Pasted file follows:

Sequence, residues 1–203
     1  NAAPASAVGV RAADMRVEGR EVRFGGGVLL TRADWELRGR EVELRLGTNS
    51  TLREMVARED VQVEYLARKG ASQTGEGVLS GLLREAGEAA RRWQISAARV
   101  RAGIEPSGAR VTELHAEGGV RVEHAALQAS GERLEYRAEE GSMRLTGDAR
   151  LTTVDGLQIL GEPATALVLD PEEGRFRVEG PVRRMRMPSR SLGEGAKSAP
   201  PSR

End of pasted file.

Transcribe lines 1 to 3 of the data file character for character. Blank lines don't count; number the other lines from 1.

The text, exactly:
Sequence, residues 1–203
     1  NAAPASAVGV RAADMRVEGR EVRFGGGVLL TRADWELRGR EVELRLGTNS
    51  TLREMVARED VQVEYLARKG ASQTGEGVLS GLLREAGEAA RRWQISAARV